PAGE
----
On the other hand, the first of the two conditions stipulated above also explains why most jokes grow stale and lose their funny appeal with time, for “after a concept has become bisociated with two previously independent associative currents, these cease to be ‘independent’; that is, the contact thus established between them will make them coalesce into one continuous flow. What came originally as a surprise has become a though habit. Hence a joke is only effective the first time; hence, also, a revolutionary discovery becomes a platitude after a while. In other words, a given bisociative connection becomes, after a few repetitions, if not at once, transformed into an ordinary associative connection and is incorporated into the mental habitus” (Koestler, Insight and Outlook pp.37-38). The suddenness consists in the unexpected juxtaposition of two impressions of the self-same stimulus. For bisociation to occur the two contrary impressions, though simultaneous, should remain distinct and sharply conflicting—they should not blend or harmonize—and the suddenness or unusualness of an event, object or perception is a common and highly effective technique of ensuring this sharp contrast. It is this refusal to coalesce that explains why in our experience “the insight which amuses is [167>] typically (perhaps invariably) sudden.” But where this suddenness is merely the effect of the inhabitual juxtaposition of familiar modes of processing a familiar object, the repetition can only have the effect of making the inhabitual habitual and what was originally a bisociation of the link concept becomes just another association. Such is especially the case with jokes that depend primarily on word-play, particularly word-play based on sound affinities.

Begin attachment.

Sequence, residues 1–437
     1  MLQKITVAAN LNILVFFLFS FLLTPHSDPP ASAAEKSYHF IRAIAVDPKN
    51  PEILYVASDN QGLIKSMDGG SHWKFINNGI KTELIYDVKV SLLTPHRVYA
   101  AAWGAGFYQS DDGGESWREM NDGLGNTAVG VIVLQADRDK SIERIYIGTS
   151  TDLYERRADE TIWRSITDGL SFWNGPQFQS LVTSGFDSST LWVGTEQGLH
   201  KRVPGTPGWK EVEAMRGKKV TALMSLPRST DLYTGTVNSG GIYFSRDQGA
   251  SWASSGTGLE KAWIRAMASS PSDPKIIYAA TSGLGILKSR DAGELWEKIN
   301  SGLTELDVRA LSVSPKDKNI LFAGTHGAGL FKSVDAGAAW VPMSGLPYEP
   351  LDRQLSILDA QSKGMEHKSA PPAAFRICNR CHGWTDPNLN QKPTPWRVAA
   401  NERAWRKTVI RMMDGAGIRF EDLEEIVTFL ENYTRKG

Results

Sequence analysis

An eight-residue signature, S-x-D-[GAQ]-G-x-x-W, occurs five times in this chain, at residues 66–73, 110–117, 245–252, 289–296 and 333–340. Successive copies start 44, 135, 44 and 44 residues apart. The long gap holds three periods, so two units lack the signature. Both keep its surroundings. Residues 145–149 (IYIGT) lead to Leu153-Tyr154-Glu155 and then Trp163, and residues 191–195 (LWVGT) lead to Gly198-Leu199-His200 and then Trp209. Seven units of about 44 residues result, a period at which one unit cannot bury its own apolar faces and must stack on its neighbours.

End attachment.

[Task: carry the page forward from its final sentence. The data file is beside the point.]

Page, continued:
As we have see, in the rasa-aesthetics ‘surprise’ (vismaya) is classified as a different emotion from hâsa, and it is the basis of the rasa called ‘wonder’ (adbhuta). Just after defining hâsa as described in the preceding section, Abhinava defines surprise too in terms of suddenness: vismayasya niranusandhâna-taDit-tulya-sukha-rûpatâ / (Abhinavabhârati I, p.43; cf. note 18, chapter V) which may be rendered as follows: “Surprise is characterized by a pleasure that is sudden (literally: ‘lightning-like’) and indeterminate.” How does suddenness differ in the reaction of pure surprise and in that of bisociative laughter? Anything unexpected or extraordinary evokes surprise insofar as it captures our total attention and interest, provoking a pleasurable curiosity. This reaction, so long as it is not compounded with fear and other negative emotions, is in itself pleasurable, and only then can it be called vismaya proper. The attention has been switched to the intruding element but is unable to integrate it into the conceptual or perceptual frameworks at its immediate disposal, ether because the intruder is so extraordinary in itself, because it presents itself in a [168>] context to which it does not seem to belong, or because its emergence is so swift that it seizes the total attention before the appropriate framework for comprehending or assimilating it can be called up. This is just another way of saying that it provokes surprise only so long as it remains ‘indeterminate’ (niranusandhâna), that is, not integrated into the frame of reference appropriate to it. And it is this clash with the operative fields reigning at the moment, that gives this intrusion the character of suddenness. The suddenness of surprise therefore results in curiosity, problem-solving or concept learning, involving behavioral reactions of approach, and other purposive activity that aims at reintegrating the surprise-stimulus into more familiar frames of reference. The stimulus is ‘incongruous’ not in the sense that it is bisociated with two opposing yet familiar and habitual operative fields, not because we are unable to integrate it simultaneously into two conflicting modes of association, but simply in the sense that it does not seem to belong to any field at all. The suddenness in hâsa does not abolish the ‘determinate’ (sânusandhâna) nature of the perception that underlies it, for it is due not to the strange stimulus impinging upon frameworks that resist it but to the mutual clash of stubborn frameworks over a stimulus that can escape neither.